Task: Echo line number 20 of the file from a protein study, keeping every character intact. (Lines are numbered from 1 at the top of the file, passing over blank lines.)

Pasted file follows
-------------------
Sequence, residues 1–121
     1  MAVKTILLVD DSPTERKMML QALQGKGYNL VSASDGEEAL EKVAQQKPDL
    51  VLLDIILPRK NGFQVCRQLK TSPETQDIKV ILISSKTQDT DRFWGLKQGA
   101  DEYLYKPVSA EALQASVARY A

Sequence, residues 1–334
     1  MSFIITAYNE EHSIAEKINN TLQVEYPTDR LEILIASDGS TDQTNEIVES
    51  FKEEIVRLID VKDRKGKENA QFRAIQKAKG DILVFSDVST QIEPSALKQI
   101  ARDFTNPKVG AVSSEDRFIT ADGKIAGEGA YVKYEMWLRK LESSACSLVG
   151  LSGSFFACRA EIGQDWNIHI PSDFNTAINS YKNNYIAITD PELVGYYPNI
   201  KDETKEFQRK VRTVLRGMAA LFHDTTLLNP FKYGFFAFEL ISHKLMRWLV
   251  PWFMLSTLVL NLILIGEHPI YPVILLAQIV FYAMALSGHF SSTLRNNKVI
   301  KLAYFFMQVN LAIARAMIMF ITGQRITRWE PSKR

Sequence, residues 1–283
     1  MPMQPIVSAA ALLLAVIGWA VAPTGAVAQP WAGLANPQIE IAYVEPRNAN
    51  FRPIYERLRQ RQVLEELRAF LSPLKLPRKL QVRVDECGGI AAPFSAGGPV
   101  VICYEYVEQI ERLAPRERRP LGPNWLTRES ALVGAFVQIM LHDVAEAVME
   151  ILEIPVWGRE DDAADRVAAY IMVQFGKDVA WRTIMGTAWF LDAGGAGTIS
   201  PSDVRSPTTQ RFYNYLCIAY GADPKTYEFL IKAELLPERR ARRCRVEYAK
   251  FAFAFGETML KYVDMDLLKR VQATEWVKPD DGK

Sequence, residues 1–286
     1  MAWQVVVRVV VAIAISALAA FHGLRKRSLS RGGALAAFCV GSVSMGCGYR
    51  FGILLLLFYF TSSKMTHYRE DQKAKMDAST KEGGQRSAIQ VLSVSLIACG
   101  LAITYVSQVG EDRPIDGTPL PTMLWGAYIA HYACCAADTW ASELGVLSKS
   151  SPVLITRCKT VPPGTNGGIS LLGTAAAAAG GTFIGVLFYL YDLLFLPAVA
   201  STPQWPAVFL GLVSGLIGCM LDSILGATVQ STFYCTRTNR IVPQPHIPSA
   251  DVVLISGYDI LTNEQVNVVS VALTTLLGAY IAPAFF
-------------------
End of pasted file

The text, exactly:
Sequence, residues 1–286